The camellia’s refined blossoms rival the exquisite beauty of roses, but its handsome, glossy foliage is evergreen and its blooms are prized for coming in fall and winter when flowers are rare. The shrub’s variety of shapes and sizes offer versatility in the landscape and in containers. They belong to the family Theaceae, of which Camellia sinensis is famous as the “tea plant.” Perhaps the best-known garden variety is C. japonica (meaning “Japanese”), the stalwart shrub long beloved in the South that can bloom from early winter to late spring. Camellia sasanqua, the generally smaller jewel of autumn, has gained importance and popularity. Flowering from October through December, it is not as likely to be damaged by cold and is less picky about soil conditions and sun exposure. Hardy hybrids can withstand temperatures below zero with some shelter from winter sun and wind, so there are ever-expanding ways to garb the fall and winter garden in unexpected glamour.
The ornamental value of camellias in the landscape is remarkable. They perform beautifully as woodland plantings. Since their native habitat is the wooded hills of China and Japan, they are ideal understory plants to tall trees, especially pines whose natural litter of needles supplies a nice protective mulch of the acid flavor they enjoy. They can also be standouts in the open garden as tree-like specimens, as shrubbery in beds or borders, or as informal hedges or screens for a year-round solid wall of glossy greenery that luckily deer don’t seem to munch. Branches can be upright or lax, offering even more versatile options. They can be clipped to create formal avenues next to paved walks or lax ones can grow freely to form romantic camellia tunnels. The varieties of a more sprawling habit can even be used as lustrous ground cover. The stems are pliable and ideal to espalier or train flat against a wall or fence. Lower branches can be completely removed, training the trunks into standards to look like giant lollipops or the Queen of Hearts’ topiaries in Alice’s Wonderland.
Some gardeners like to prune large C. japonicas into multi-trunks like a typical crepe myrtle. Removing the lowest branches encourages upright growth. Conversely, lanky C. sasanquas can be made bushier by cutting their tops. Prune japonicas after they bloom and sasanquas in early spring before buds form, making the cut just above a scar that marks last year’s growth. The rewards of becoming a branch manager are great. Disbudding is a practice where several buds are carefully removed from a cluster, leaving about two buds to each end so that the plant’s energy will go into making fewer but much larger blooms. If you aspire to show-quality perfection, leave only one bud to each terminal. These buxom beauties can be entered in camellia shows or left on the shrub to dazzle the neighborhood. Smaller camellias are candidates for containers. Try 22- to 24-inch pots and instead of foam pellets at the bottom, use pine cones that will decompose and add to organic composition of the soil. Experts train fine-leaved dwarf varieties into bonsai.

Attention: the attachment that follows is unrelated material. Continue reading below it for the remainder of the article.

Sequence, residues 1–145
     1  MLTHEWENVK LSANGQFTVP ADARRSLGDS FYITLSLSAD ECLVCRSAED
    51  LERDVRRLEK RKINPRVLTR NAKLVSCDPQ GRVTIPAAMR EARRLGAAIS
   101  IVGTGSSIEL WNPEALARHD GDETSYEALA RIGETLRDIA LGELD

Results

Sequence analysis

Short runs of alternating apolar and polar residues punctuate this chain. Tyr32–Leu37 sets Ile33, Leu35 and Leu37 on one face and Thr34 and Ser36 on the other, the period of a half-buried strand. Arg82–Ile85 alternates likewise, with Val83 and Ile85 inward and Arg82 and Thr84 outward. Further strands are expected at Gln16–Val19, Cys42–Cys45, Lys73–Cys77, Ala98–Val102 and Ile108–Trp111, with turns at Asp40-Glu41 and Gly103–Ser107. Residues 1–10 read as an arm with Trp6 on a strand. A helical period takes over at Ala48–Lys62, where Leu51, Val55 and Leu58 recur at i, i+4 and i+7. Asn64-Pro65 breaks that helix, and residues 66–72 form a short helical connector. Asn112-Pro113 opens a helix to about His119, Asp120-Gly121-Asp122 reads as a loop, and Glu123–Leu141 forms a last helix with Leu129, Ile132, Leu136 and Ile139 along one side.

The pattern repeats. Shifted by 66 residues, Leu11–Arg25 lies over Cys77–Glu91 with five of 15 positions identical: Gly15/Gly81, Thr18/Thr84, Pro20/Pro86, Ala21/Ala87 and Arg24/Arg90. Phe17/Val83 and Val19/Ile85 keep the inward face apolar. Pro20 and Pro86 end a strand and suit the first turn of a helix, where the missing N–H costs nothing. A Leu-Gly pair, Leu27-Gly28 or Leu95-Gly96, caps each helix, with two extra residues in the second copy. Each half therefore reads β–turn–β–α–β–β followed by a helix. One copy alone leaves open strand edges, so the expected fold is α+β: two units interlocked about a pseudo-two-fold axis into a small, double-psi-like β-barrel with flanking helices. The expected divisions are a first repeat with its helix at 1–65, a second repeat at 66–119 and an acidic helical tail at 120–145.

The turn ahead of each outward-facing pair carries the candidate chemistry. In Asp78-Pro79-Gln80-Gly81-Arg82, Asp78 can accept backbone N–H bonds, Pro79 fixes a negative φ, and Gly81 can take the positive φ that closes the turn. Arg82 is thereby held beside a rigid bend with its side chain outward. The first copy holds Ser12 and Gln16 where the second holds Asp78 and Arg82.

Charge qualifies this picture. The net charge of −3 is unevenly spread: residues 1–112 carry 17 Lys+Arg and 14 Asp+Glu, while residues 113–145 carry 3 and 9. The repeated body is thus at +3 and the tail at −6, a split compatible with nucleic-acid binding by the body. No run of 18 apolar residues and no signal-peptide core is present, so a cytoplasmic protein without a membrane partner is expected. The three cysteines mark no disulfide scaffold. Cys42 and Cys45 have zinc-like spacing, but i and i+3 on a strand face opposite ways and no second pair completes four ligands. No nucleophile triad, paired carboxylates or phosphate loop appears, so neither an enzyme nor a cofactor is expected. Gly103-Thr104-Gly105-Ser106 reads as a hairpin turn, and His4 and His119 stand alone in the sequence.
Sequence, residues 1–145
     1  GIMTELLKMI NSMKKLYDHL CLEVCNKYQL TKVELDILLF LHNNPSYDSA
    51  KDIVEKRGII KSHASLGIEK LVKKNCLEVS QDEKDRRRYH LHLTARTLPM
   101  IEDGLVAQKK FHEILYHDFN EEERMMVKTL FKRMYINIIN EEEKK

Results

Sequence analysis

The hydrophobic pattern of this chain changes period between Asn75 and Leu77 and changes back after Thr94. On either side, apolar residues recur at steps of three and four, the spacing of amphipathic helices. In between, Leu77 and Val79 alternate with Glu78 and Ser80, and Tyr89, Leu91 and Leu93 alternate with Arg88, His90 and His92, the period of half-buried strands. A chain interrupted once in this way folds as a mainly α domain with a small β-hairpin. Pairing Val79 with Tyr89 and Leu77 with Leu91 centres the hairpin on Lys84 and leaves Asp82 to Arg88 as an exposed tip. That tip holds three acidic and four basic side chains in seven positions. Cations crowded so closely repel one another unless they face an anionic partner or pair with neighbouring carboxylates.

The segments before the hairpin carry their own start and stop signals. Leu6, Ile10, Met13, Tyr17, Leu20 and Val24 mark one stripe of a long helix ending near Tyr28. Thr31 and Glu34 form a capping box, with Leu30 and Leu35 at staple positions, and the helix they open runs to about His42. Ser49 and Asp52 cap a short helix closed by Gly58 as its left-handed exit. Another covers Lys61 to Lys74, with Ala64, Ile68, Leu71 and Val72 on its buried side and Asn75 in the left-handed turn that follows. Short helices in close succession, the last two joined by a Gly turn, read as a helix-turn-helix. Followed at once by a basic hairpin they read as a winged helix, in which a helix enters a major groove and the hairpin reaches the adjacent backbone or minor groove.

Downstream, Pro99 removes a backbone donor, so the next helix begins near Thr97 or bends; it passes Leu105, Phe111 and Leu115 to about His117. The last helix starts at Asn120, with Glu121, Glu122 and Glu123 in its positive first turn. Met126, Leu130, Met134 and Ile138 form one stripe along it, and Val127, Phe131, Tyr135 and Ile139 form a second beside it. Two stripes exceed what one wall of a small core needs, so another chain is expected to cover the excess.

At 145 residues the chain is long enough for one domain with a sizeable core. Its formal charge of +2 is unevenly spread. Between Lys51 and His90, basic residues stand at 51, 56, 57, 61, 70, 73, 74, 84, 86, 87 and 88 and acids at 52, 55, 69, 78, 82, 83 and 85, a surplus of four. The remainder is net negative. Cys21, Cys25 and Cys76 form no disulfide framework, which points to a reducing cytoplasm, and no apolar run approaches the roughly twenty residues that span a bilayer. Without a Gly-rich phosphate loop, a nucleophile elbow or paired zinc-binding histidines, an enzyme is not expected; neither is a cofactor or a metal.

Camellia enthusiasts have even more tricks up their gardening sleeves, as when they talk the showtalk of “gibbing” in August for fall flower shows. This means applying gibberellic acid with an eye dropper. One drop on a bud makes all cells elongate for supersized blooms that open early to wow the judges. They know well the six exquisite flower forms: single (conspicuous stamens) with one row of petals; semi-double with two rows of petals; anemone form; peony form; rose form double (overlapping petals); and formal double (which never show stamens). Colors range from pristine white to pink to deep red with variations including peppermint striped, speckled, splashed with varying colors and different patterns, sometimes on one plant. The C. sasanqua Yuletide is a true red and one of the most popular varieties. Place their bright blooms in December wreaths or with holiday garland.
Fall is the perfect time to plant camellias, so do indulge now. Be generous in digging the hole wider than the container and twice as deep in well-draining soil. Most importantly, be sure the top of the root ball is even with the soil surface. New plants appreciate a good, 2-inch-thick mulch. Gorgeous blossoms will distinguish your cooling landscape and floating them in a shallow bowl will make your table sparkle.